Two traders have left Deutsche Bank in London and have found new jobs elsewhere.
Marie Geekie, a former director-level equities sales trader, is understood to have left DB and to be joining Australian bank Macquarie. Jack Pelzig, a former vice president in Deutsche Bank's distressed debt and special situations, has also left Deutsche and is off to Goldman Sachs as an executive director.
Geekie spent six years at Deutsche Bank after joining from Raymond James. Pelzig was there nearly four years after joining from law firm Slaughter & May.
The exits come after complaints about Deutsche Bank's recent bonus round and amidst the bank's pontification about a possible merger with Commerzbank.
Various fixed income traders are understood to have left Deutsche Bank's U.S. business in recent weeks, including Dan Znaty in investment grade sales (who joined Barclays on 27 March), Michael Lattarulo (also in investment grade, who is understood to be joining Credit Suisse), Richard Joyce (the head of investment grade sales), and Nikhil Khosla (a research analyst who is thought to be going to the buy-side).
However, Deutsche has also hired fixed income various traders, including Manav Gupta, Sylvain Lebre and Olivier Gazzolo in London, and Bret Corrigan and Drew Meany in New York.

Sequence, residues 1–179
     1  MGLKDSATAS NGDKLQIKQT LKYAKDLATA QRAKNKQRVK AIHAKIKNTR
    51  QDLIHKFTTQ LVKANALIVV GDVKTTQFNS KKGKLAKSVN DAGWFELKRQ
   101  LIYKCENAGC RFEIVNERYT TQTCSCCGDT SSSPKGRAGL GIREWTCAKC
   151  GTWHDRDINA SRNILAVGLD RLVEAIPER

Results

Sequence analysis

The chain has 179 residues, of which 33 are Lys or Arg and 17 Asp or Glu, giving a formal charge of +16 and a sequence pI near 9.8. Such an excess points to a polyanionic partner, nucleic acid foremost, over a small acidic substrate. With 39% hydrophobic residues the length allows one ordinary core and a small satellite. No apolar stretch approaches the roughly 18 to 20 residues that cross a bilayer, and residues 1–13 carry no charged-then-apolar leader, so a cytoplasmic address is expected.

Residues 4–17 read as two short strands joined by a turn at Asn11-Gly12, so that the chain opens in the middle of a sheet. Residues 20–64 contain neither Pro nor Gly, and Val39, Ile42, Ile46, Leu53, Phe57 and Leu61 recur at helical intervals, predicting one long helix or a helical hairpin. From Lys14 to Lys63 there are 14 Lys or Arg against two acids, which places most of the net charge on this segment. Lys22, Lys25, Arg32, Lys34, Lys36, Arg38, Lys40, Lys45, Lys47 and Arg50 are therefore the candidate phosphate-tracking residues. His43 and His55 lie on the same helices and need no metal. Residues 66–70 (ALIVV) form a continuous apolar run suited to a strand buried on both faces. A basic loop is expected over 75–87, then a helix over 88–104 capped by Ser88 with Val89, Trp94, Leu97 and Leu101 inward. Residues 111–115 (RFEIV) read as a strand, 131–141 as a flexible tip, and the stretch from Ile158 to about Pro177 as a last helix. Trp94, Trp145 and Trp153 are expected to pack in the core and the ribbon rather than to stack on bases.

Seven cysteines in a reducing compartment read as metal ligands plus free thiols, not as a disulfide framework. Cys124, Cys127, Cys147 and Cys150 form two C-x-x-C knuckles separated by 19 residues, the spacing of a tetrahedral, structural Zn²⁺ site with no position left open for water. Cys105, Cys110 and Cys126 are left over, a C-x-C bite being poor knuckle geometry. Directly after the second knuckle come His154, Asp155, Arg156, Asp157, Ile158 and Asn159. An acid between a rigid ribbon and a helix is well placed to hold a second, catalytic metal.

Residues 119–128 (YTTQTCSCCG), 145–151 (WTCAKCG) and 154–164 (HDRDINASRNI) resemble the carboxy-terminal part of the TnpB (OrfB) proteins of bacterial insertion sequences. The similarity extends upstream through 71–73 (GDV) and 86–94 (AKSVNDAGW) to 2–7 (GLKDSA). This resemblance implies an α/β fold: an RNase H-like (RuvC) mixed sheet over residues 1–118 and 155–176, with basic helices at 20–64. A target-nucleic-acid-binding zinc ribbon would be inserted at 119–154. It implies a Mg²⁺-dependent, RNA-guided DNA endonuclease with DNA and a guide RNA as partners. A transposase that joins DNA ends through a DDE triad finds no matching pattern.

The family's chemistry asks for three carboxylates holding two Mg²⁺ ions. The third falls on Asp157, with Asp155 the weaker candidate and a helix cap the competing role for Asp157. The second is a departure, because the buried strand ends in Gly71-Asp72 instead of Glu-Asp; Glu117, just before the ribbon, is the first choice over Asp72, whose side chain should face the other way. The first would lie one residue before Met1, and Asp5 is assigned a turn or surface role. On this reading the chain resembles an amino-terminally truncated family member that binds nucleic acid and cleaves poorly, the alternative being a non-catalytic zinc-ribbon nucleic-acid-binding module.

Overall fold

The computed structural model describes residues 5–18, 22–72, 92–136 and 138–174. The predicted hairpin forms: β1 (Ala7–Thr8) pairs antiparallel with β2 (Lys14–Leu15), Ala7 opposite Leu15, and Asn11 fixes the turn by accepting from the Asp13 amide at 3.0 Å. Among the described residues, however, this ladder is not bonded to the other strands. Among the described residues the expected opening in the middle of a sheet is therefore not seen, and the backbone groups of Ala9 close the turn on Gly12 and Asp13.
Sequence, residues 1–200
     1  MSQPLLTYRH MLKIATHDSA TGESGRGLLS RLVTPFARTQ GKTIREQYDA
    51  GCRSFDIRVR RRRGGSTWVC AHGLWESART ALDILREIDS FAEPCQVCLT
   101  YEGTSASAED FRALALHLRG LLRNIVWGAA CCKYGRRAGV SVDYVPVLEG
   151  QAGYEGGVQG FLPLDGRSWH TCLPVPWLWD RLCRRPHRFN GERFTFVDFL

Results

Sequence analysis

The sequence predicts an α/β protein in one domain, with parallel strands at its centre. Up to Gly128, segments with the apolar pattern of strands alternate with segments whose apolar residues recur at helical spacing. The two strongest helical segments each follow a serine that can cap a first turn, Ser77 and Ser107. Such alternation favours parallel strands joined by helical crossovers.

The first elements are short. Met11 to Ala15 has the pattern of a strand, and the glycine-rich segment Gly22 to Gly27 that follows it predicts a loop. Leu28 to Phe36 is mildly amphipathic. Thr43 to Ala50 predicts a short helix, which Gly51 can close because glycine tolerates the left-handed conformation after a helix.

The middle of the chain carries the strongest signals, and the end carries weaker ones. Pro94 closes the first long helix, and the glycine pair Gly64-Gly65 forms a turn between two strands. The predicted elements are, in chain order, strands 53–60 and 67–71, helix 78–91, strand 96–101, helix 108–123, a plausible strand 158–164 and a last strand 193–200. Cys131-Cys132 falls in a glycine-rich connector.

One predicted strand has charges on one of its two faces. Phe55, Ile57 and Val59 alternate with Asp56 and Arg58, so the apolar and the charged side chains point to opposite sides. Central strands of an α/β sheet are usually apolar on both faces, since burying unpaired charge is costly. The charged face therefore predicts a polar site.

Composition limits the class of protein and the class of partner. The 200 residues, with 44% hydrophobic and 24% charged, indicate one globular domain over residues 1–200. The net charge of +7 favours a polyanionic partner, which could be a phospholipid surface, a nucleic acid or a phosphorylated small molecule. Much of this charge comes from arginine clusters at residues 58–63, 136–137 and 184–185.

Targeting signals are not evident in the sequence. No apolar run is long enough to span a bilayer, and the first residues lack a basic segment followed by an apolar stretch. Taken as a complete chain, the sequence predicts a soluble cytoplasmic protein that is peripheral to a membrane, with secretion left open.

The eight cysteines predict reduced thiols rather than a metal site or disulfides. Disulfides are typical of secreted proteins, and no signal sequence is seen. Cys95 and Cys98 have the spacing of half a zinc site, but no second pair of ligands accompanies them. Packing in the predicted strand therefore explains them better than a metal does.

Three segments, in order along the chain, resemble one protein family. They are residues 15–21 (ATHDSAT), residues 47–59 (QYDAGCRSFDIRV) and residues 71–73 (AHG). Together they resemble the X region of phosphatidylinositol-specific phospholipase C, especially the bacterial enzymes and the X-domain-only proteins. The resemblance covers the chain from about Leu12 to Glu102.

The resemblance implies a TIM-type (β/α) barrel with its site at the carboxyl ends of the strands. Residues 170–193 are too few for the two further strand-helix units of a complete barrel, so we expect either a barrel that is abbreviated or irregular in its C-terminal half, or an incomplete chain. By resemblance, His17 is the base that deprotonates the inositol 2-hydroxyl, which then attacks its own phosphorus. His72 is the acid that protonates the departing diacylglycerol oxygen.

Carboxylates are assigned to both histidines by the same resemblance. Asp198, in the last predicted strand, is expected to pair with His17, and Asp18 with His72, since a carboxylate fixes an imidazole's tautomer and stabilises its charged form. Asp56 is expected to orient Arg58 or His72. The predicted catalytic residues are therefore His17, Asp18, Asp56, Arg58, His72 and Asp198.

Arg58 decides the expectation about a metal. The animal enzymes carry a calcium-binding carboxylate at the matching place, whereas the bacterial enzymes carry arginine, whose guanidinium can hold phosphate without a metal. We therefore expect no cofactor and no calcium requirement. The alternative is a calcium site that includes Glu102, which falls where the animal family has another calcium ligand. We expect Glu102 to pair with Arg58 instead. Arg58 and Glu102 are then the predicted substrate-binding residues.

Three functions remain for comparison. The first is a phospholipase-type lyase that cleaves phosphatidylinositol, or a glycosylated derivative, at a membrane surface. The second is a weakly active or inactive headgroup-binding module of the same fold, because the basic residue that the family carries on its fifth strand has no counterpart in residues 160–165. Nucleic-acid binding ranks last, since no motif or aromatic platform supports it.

Last month, Peter Selman, head of Deutsche Bank's global equities business, told staff that the bank is hiring globally in equities this year and that there are several more big hires in the pipeline. Last month Deutsche hired Greg Sutton from Citigroup to head up America's program trading. Eric Bensoussan also joined as a senior equity derivatives hire at DB in London in February.
Deutsche Bank declined to comment.
Have a confidential story, tip, or comment you’d like to share? Contact: firstname.lastname@example.org in the first instance. Whatsapp/Signal/Telegram also available. Bear with us if you leave a comment at the bottom of this article: all our comments are moderated by human beings. Sometimes these humans might be asleep, or away from their desks, so it may take a while for your comment to appear. Eventually it will – unless it’s offensive or libelous (in which case it won’t.)